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Victim does choose y* Nash equilibrium (expectations are rational) – victim rationally anticipates that x=x* and then chooses y: min y + p(x*,y)D(x*,y), so that y=y*! Negligence is efficient because it allows the injurer to avoid liability by paying x*, and Imposes actual liability on victim

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Reality check on negligence With this rule, victim is NOT compensated for damages As long as the due standard is met, nobody is negligent In reality, due standard may be off, there are differing costs of caution for different people, and the injurer may not have the money to pay x = x*

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The Hand Rule and the Due Standard How is the due standard set?? Judge Learned Hand – United States versus Carroll Towing Co. (1947 – 2 nd Circuit) P = probability that barge breaks away L = extent of injury B = burden of adequate precaution If B by the “hand rule” the barge owner was negligent!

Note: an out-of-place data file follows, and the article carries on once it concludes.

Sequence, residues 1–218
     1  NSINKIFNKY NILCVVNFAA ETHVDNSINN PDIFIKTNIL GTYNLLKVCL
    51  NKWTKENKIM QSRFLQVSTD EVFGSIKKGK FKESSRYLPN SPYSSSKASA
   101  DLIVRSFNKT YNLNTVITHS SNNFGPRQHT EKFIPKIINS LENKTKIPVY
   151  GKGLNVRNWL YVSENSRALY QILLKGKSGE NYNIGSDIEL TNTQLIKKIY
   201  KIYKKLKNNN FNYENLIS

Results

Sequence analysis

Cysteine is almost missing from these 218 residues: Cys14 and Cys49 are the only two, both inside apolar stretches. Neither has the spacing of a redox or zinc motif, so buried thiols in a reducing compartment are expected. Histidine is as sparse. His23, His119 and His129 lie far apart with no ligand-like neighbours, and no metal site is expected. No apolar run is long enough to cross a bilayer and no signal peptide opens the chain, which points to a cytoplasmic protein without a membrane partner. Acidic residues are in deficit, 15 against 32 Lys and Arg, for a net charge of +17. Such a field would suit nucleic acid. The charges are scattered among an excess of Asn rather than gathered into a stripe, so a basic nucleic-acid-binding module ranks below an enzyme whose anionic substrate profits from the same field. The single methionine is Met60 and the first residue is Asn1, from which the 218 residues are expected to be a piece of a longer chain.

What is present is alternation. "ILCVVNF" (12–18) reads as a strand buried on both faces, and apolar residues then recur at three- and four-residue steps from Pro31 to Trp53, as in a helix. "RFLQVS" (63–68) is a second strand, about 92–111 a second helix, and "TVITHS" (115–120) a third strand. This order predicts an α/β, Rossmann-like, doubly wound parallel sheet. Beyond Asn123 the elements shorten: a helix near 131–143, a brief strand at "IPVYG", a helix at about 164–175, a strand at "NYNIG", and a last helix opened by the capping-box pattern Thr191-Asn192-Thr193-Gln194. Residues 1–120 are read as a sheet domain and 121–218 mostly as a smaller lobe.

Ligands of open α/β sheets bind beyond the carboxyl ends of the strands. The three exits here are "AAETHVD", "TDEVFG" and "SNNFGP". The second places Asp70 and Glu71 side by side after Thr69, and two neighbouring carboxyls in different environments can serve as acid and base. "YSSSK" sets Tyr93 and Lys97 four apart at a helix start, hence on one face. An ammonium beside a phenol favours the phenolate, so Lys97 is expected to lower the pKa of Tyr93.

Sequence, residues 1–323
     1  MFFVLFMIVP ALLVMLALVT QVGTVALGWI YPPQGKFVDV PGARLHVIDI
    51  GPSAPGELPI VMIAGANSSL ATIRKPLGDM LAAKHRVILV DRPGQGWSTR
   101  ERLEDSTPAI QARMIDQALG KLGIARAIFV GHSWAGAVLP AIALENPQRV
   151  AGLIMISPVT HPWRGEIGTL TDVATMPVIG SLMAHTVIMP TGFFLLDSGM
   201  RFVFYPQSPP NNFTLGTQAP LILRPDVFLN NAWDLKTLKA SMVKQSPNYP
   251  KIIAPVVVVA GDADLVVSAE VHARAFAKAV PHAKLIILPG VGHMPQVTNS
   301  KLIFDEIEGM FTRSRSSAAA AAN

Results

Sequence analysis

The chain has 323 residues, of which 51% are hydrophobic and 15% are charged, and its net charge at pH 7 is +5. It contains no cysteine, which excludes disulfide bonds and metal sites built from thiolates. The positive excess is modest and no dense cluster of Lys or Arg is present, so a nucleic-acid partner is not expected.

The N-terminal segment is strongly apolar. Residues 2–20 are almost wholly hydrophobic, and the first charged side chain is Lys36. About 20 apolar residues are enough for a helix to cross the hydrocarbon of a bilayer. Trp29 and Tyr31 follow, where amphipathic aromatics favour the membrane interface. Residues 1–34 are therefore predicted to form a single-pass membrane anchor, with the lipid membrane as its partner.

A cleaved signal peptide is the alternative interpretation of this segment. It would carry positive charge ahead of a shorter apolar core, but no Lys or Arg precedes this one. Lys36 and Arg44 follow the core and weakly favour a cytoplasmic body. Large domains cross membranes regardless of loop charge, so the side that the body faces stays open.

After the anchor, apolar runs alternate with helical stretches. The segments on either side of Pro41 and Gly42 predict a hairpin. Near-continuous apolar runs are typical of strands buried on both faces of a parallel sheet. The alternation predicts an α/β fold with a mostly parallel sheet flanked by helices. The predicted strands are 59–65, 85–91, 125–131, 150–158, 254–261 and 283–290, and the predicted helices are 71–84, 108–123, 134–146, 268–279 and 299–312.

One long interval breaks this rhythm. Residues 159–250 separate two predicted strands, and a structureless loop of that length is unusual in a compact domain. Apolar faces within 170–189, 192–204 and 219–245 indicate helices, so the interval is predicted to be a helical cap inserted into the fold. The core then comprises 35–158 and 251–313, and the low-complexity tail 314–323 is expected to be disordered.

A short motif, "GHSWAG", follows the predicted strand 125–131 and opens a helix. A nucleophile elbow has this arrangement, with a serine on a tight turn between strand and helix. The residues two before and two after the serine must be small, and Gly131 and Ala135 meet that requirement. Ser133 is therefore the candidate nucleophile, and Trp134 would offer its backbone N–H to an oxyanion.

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Reasonable person standard Injurers 1, 2 and 3 have differential costs of care: c1 < c2 = 1 < c3 Stories – Doctors at UPMC in Pittsburgh versus Doctors in Haiti Efficient for differential care: x1* > x2* > x3* Because of administrative costs, law in general does not differentiate – applies a uniform standard based on the “reasonable person”

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Problems with reasonable person standard c1 < c2 = 1 < c3, and c2 = 1 is average Set due standard at x* for the average person Type c1 will under-invest Type c3 will meet the due standard if c3 not too much higher than 1, will meet the due standard and be too cautious… When c3 is sufficiently greater than 1, however, this person is socially efficient (behaves as if strictly liable)

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Contributory negligence Bilateral model – NOW victim also must the due standard if he/she wants to recover for damages Butterfield versus Forrester (1809) Suppose the due standard for injurer and victim is set correctly – then, this rule is efficient

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Contributory negligence Simple negligence rule – “Negligence with contributory negligence” Strict liability – “Strict liability with contributory negligence”

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Negligence with contributory negligence Law established x due and y due – and – suppose these are set at the “efficient” levels If x ≥ x*, injurer is off the hook (victim has to cover costs), if x < x* and y < y*, injurer is still off the hook and if x < x* and y ≥ y*, the injurer compensates the victim GET EFFICENT OUTCOME – injurer and victim have rational expectations about each other (Nash equilibrium argument)